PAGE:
Labour calls for Grant Shapps suspension over fraud claim


Jane Merrick@janemerrick23
Sunday 03 November 2013 01:00

David Cameron should suspend Conservative party chairman Grant Shapps over his external business affairs after the police said one of his companies may have been guilty of an "offence of fraud", Labour said last night.

Shadow Cabinet Office minister Michael Dugher yesterday wrote to the Prime Minister calling for Mr Shapps to be suspended from his Cabinet post and an investigation launched under the ministerial code of conduct. But the Tory party said the "case was closed" in relation to Mr Shapps and that comments by the police had been taken out of context.

Police looked into allegations that How To Corp Ltd, a company co-founded by Mr Shapps under the alias Michael Green, was selling "plagiarising" software which helps firms boost profits by breaching Google's rules. A letter from the Metropolitan Police's Homicide and Major Crime Command to Mr Shapps said there was no case for a criminal investigation and that it had "now closed the matter". But Labour seized on a line earlier in the police letter that said: "Legal advice was sought which concluded that the selling of the software may constitute an offence of fraud."

In his letter to Mr Cameron, Mr Dugher said: "In the light of the facts that are known and are effectively unchallenged, and in the light of the police's statement that a fraud may have been committed, it appears that, as a minimum, if standards in public life are to be maintained, a proper investigation must now be carried out on your behalf to determine whether Mr Shapps has been guilty either of a crime or of discreditable conduct … The Prime Minister can use the Independent Adviser on the Ministerial Code to conduct the investigation.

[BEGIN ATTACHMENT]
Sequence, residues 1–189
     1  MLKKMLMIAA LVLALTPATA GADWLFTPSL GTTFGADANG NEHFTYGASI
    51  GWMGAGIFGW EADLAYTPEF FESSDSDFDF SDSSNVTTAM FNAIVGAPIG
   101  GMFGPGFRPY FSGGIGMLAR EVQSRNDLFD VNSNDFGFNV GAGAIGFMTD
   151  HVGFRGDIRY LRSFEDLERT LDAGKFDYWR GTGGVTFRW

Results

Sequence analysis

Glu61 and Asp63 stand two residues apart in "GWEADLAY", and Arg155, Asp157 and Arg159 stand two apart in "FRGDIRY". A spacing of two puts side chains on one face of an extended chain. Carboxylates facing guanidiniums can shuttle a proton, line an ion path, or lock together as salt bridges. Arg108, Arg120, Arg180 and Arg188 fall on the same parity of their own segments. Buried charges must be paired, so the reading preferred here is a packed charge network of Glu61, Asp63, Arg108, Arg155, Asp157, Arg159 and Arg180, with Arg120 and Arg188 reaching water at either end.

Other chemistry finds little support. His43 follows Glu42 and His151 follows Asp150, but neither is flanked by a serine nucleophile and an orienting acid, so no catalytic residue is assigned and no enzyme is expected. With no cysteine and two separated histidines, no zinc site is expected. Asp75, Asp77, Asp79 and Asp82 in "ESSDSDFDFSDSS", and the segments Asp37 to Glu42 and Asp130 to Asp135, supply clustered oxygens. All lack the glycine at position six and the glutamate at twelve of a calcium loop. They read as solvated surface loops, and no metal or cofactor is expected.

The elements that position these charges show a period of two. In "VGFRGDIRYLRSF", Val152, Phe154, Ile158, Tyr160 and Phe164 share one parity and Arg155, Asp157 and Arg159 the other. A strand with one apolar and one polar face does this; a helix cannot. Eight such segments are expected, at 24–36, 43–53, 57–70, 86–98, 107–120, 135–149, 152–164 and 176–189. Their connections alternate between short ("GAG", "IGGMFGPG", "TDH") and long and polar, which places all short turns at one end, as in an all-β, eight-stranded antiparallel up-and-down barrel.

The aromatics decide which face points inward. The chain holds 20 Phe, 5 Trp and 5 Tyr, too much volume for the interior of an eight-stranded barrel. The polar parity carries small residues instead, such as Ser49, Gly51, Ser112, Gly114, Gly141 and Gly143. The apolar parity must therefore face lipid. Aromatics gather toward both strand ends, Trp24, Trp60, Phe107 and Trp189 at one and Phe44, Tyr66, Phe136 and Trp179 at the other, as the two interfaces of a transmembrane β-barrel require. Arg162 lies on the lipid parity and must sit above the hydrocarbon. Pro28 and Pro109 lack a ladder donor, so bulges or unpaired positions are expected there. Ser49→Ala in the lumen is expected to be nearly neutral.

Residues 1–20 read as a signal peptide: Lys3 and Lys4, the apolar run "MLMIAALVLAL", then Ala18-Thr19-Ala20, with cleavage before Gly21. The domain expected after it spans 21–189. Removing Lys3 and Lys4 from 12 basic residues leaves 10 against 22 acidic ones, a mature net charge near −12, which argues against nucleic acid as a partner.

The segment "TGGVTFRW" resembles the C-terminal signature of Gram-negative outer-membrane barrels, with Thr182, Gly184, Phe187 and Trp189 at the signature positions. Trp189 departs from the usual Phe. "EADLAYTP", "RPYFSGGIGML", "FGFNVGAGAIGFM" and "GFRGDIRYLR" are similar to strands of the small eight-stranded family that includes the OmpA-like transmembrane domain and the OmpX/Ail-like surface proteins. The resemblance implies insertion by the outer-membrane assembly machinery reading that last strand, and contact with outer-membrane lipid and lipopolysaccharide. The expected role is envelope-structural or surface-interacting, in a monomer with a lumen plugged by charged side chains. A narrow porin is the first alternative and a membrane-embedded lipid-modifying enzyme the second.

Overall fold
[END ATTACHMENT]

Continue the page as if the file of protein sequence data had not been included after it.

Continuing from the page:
"In many cases a decision by the police not to proceed further would close a matter, but not where the police, as in this case, specifically and unusually assert that a fraud may have been committed."

But a Conservative spokesman said: "The [police] letter speaks for itself. The case is closed. There is no case to answer."

A Tory source said: "If there are further allegations, put them to us or the police. To suggest there are allegations left unchallenged is actionable."

Join our new commenting forum

Join thought-provoking conversations, follow other Independent readers and see their replies

View comments